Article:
Consumer curiosity expands mushroom sector

Specialty mushroom production makes up only two per cent of total Canadian production, but interest is growing

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Glacier FarmMedia – The specialty mushroom market has been growing steadily for years.

Ryan Koeslag, chief executive officer of Mushrooms Canada, said figures indicate a 25 per cent increase annually in specialty mushroom production, although given there are relatively few growers, the numbers aren’t as large as that figure might suggest.

Statistics Canada data indicate specialty mushroom production makes up only two per cent of total Canadian production based on 2017 surveys.

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“It’s still significant for any industry,” Koeslag said about growth in the specialty category.

Koeslag said part of that increase is due to consumers’ willingness to explore a wider variety of foods.

“It’s been kind of why that increase has been there. And there’s been more interest in plant-based type foods. For example, if you cut an oyster mushroom horizontally, you can even use that as a substitute for scallops, for anybody who’s a vegetarian or wants to try to replicate that kind of texture and taste.”

Why it matters: If mushroom growers are able to capitalize on more diverse consumer diets, they may be able to gain a greater share of the vegetable or meat-substitute market.

Statistics Canada also notes in its 2017 economic profile that mushroom production, dominated by Ontario and British Columbia, is weighted to the white and brown button-type fungi, or Agaricus.

“In 2017, the average Agaricus business sold 2.1 million kilograms of mushrooms and recorded $9.6 million in sales, while the average specialty mushroom business sold (26,000) kilograms of mushrooms and recorded $297,077 in sales,” the report said.

“This example illustrates the disparity between the profiles of specialty mushroom businesses — which are small businesses with a smaller production volume selling what is considered to be a niche product — and Agaricus growers. Unlike specialty mushroom growers, Agaricus growers often have large production volumes and significant investments in infrastructure and machinery. They target mass markets.”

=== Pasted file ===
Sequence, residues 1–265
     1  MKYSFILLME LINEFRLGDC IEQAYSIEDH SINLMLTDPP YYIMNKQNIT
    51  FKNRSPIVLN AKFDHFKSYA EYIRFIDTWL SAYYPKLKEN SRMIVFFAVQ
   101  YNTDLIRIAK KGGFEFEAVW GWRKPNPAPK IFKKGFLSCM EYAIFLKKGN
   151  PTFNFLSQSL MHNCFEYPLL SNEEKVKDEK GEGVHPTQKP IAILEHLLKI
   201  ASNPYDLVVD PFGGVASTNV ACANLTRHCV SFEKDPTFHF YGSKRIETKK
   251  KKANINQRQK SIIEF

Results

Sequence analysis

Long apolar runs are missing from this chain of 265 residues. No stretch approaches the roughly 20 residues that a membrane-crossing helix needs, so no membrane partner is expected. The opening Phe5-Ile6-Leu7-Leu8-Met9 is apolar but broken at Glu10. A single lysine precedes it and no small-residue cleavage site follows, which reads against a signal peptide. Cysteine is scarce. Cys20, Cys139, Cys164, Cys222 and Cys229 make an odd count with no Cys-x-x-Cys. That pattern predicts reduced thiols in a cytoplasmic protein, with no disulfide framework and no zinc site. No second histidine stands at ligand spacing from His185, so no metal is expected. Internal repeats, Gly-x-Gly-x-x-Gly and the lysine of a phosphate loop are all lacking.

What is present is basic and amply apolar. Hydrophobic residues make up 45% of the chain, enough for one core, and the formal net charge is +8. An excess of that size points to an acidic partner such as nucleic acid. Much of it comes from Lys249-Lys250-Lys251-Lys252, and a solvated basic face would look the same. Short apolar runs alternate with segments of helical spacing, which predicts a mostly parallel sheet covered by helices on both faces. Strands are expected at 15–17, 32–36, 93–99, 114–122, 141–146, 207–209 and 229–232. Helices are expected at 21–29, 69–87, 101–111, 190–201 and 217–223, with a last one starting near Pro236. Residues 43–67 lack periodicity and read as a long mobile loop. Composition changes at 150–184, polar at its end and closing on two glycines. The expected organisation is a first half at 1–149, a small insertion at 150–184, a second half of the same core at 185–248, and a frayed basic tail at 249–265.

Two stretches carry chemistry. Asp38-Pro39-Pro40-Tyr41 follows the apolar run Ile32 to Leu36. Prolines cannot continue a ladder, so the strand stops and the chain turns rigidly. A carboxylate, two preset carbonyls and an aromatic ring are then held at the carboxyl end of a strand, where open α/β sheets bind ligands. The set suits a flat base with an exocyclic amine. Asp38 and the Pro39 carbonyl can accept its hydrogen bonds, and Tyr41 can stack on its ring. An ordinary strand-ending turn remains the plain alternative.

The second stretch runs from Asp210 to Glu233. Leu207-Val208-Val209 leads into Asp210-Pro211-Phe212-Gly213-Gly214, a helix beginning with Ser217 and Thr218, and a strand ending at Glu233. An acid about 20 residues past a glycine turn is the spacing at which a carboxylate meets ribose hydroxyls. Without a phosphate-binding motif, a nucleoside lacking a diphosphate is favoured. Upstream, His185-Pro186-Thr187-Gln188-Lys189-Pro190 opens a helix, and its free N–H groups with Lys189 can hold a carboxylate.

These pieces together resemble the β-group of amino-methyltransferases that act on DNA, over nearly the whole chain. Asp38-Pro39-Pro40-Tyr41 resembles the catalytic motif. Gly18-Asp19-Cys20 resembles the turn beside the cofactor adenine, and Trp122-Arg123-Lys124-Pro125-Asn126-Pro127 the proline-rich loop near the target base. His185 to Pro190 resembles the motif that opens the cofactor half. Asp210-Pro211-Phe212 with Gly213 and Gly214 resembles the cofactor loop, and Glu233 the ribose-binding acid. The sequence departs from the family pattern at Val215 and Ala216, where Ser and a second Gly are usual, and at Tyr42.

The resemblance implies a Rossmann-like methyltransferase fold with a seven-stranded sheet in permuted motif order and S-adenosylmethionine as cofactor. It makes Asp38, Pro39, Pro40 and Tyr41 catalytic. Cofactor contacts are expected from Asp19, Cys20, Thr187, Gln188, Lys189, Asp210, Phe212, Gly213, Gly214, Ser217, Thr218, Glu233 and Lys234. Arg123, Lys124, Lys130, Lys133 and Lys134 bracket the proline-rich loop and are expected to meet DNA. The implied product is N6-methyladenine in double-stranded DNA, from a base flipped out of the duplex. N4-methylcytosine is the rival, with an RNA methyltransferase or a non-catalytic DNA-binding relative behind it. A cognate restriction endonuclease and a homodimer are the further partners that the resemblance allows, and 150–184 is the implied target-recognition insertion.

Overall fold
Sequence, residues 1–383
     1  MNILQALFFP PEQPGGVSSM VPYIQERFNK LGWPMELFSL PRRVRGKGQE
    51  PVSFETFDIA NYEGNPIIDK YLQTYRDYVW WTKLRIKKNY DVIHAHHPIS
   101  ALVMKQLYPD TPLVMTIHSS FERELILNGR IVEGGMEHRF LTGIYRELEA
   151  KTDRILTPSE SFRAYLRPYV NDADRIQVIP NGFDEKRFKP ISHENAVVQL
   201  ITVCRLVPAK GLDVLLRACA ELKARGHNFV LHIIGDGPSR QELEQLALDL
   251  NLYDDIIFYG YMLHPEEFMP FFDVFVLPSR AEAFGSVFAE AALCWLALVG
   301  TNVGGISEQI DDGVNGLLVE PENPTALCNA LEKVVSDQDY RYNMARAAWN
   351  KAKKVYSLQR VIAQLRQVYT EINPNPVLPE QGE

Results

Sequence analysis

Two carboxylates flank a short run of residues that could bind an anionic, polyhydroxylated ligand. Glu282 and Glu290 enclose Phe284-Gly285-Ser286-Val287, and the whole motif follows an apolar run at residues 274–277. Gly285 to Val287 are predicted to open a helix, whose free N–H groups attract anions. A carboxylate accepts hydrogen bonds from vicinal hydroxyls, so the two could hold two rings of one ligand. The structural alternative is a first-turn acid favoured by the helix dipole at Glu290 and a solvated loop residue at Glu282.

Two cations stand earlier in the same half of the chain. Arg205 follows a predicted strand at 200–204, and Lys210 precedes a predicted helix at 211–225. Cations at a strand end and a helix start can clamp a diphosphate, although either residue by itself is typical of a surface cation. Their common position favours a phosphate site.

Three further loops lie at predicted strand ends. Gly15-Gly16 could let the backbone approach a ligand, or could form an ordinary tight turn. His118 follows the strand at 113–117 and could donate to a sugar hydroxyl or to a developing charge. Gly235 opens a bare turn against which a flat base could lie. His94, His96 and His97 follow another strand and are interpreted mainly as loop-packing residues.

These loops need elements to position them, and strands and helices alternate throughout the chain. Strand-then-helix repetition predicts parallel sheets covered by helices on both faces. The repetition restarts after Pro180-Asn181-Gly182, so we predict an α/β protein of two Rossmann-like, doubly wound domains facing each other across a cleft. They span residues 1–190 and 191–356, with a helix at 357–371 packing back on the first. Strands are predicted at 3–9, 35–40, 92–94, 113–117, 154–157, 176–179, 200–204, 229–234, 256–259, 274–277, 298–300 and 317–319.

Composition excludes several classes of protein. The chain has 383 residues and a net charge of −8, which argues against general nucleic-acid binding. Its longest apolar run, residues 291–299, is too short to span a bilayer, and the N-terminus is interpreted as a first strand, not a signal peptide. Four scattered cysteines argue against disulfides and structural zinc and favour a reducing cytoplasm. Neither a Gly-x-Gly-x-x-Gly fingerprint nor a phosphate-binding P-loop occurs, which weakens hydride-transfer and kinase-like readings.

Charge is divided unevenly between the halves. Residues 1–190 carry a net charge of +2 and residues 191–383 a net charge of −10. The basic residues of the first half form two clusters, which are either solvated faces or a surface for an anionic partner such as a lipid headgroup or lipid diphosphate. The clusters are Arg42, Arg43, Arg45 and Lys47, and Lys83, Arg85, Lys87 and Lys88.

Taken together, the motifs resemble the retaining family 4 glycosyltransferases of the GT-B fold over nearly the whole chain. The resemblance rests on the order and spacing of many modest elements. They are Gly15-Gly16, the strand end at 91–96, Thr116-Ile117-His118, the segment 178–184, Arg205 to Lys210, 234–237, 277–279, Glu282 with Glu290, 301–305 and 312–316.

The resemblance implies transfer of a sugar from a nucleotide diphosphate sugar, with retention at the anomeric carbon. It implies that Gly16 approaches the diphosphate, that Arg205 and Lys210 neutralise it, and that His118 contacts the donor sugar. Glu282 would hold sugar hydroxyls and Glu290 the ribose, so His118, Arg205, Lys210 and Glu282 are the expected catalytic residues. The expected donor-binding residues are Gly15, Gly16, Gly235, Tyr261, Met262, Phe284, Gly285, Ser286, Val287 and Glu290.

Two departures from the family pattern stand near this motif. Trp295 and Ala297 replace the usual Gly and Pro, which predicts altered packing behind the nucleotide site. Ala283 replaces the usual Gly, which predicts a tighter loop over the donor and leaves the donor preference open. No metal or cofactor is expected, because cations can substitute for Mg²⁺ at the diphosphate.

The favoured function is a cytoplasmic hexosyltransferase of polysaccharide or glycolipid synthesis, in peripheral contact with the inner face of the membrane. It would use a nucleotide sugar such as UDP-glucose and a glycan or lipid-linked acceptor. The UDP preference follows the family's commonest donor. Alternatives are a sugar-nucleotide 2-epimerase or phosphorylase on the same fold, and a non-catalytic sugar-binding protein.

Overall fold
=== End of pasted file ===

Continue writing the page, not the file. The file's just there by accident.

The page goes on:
Koeslag said greater interest in plant proteins might also figure into specialty mushroom market growth.

Though mushrooms are a fungus, they are categorized as vegetables in the food realm.

“Our commodity has never said to replace meat proteins. We always view it as being a complementary dish. We always say we’re not a replacement. We’re a partner,” said Koeslag.

Current debate over the merits of plant-based burgers versus meat burgers might benefit the mushroom market for now but Koeslag said growers have their eyes on the future.

“Hopefully, we’ll find this happy medium. Either you add in your mushrooms or beans or whatever it is that you want to put into a meat, so we can find this happy medium and not having to be one or the other.”

Mushrooms Canada also promotes the health benefits of the product.

“The ones that we mainly push are vitamin D. Although mushrooms are grown in the dark, they don’t really need sunlight. You can actually get one of the highest concentrations of vitamin D in vegetables or in the vegetable category from mushrooms, which is good for any Canadian because we’re always supposedly deficient in vitamin D.”

Mushrooms are also rich in niacin and other nutrients but oyster types of specialty mushrooms in particular are higher in ergothioneine, an amino acid that may have therapeutic effects.

Koeslag said Mushrooms Canada is working with its American counterpart organization to research the product’s potential relationship to brain health.

This article was originally published at the Western Producer.

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